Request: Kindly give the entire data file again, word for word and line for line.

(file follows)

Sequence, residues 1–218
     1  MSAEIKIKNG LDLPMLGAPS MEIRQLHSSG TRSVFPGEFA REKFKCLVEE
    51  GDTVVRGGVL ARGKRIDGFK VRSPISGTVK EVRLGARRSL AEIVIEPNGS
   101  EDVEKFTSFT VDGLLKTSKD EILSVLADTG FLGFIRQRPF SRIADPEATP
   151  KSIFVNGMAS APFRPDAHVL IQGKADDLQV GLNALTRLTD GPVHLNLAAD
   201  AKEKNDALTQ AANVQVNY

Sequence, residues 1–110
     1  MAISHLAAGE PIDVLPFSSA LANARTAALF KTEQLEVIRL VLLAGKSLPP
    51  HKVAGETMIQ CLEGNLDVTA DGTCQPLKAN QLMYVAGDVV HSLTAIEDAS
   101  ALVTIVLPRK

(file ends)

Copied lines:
Sequence, residues 1–218
     1  MSAEIKIKNG LDLPMLGAPS MEIRQLHSSG TRSVFPGEFA REKFKCLVEE
    51  GDTVVRGGVL ARGKRIDGFK VRSPISGTVK EVRLGARRSL AEIVIEPNGS
   101  EDVEKFTSFT VDGLLKTSKD EILSVLADTG FLGFIRQRPF SRIADPEATP
   151  KSIFVNGMAS APFRPDAHVL IQGKADDLQV GLNALTRLTD GPVHLNLAAD
   201  AKEKNDALTQ AANVQVNY

Sequence, residues 1–110
     1  MAISHLAAGE PIDVLPFSSA LANARTAALF KTEQLEVIRL VLLAGKSLPP
    51  HKVAGETMIQ CLEGNLDVTA DGTCQPLKAN QLMYVAGDVV HSLTAIEDAS
   101  ALVTIVLPRK